Filipino priest honored by Dutch gov’t for helping drug war widows, orphans | Inquirer News
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Filipino priest honored by Dutch gov’t for helping drug war widows, orphans

By: - Reporter / @santostinaINQ
/ 04:52 AM December 01, 2021

Fr. Flaviano “Flavie” Villanueva —PHOTO FROM DUTCH EMBASSY IN MANILA

MANILA, Philippines — A Filipino Catholic priest, who in 2019 was charged with sedition by the Duterte administration, has earned recognition from the Dutch government for his work as a human rights defender, especially in line with his initiatives for families who had lost loved ones to extrajudicial killings (EJKs) being linked to the government’s controversial war on drugs.

Fr. Flaviano “Flavie” Villanueva, a missionary from the Society of the Divine Word (SVD), received the Human Rights Tulip Award from government of the Netherlands. He was the first Filipino to earn the honor, which was conferred through the Dutch Ministry of Foreign Affairs on Nov. 24.

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“The Human Rights Tulip is intended to support human rights defenders and provide them with a platform and visibility, and is awarded annually on December 10, Human Rights Day, at the Hague,” the Dutch embassy in Manila said in a statement.

“[W]e are extremely proud to award the first Tulip Award to a Filipino human rights defender, Fr. Flaviano Villanueva, on occasion of the 70th year of diplomatic relations between the Philippines and the Netherlands,” it added.

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Paghilom program

According to the embassy, Villanueva was recognized for his work as cofounder of the Paghilom (healing) program, a Church-based support group that works with families of victims of EJKs to allow them to find a safe space to cope with grief and connect with others who share their experiences.

The program is a vital component of the Arnold Janssen Kalinga Center, a foundation that Villanueva also founded. The priest, the coordinator of the SVD’s Justice, Peace and Integrity of Creation Office, launched Paghilom in 2016 to help drug war widows and orphans, and people whom he described as being “at the peripheries of economy and faith.”

Paghilom is supported by human rights watchdogs and private groups that help Villanueva in providing food and health care, legal assistance, spirituality, education, and livelihood for the bereaved families. It seeks to provide them with the tools to rebuild their lives after also being stigmatized by the drug war and left without any means to move on.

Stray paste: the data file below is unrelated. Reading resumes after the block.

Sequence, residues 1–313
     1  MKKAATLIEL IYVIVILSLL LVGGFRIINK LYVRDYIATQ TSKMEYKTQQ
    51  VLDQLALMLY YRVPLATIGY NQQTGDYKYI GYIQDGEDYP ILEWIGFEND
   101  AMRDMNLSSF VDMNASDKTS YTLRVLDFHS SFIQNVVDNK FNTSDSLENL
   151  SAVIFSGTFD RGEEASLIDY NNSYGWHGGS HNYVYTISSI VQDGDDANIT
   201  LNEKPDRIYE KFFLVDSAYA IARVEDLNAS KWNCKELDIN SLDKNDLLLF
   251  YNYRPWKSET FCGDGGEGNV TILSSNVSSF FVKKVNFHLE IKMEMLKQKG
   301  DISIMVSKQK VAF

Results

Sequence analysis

In a phone interview with the Inquirer on Tuesday, Villanueva said he dedicated the award to the memory of the thousands EJK victims and their families, as well as to the organizations who have been helping him defend the rights of the “marginalized, oppressed, sick and tormented.”

“I received it on behalf of the widows and orphans who are struggling to rise from the ashes and seek both healing and justice,” he said.

While he feels grateful for the recognition, the priest said “I wish there was no need for the award. You see, I received the award because I helped people, particularly victims of injustices… Their loved ones, their breadwinners were killed, so it’s actually sad to get such an award (as) a consequence of the killings,” he added.

Sedition charges

In March 2019, Villanueva, along with some other Church leaders, came out in the media to reveal the death threats he had been receiving apparently for being critical of Mr. Duterte’s antinarcotics campaign.

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He was also one of the men of the cloth accused of conspiring to commit sedition based on the viral “Bikoy” videos that surfaced linking President Rodrigo Duterte and members of his family to the illegal drug trade.

While the Department of Justice eventually cleared several members of Catholic clergy, including bishops, the cases against Villanueva and another priest, Fr. Albert Alejo, still stand.

“I take it as a badge of honor to stand up seeking the truth… I take it as a badge of courage to receive a case of sedition under this mad administration,” Villanueva said.

From over 70 candidates from around the world, Villanueva was among the 10 shortlisted for the Tulip Award, according to the Dutch Embassy.

“Tulip is a flower of hope for the Netherlands. It has deep spirituality that calls people who received it to discern about the truth so that we can continue to be carrier of the flower and the message that it carries to others,” Villanueva said.

Courage, innovation

Given by the Dutch government since 2008, the award honors courageous individuals or groups that promote human rights peacefully and in innovative ways. The winner receives a tulip-shaped bronze statuette designed by Dutch artists Huub and Adelheid Kortekaas, and prize money of €100,000 to be used to fund the human rights defender’s work, particularly the conduct of training programs.

Past winners of the Tulip Award include Lilit Martirosyan, Armenia’s first registered transgender woman and founder and current president of the Right Side human rights defenders NGO (2020), former United Nations High Commissioner for Human Rights Zeid Ra’ad Al Hussein (2018), Mexican human rights defender and founding member of the Forensic Citizen Science project Graciela Pérez Rodriguez (2017), and Pakistani internet activist Nighat Dad (2016).

In 2015, it was awarded to the Initiative for the Resurgence of the Abolitionist Movement in Mauritania, an organization working to abolish slavery. In 2014, it went to Mideast Youth, a group that builds online platforms for rights advocates.

—WITH A REPORT FROM INQUIRER RESEARCH
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TAGS: drug war killings, Flaviano “Flavie” Villanueva, Paghilom, priest helping drug war widows and orphgas, Rodrigo Duterte
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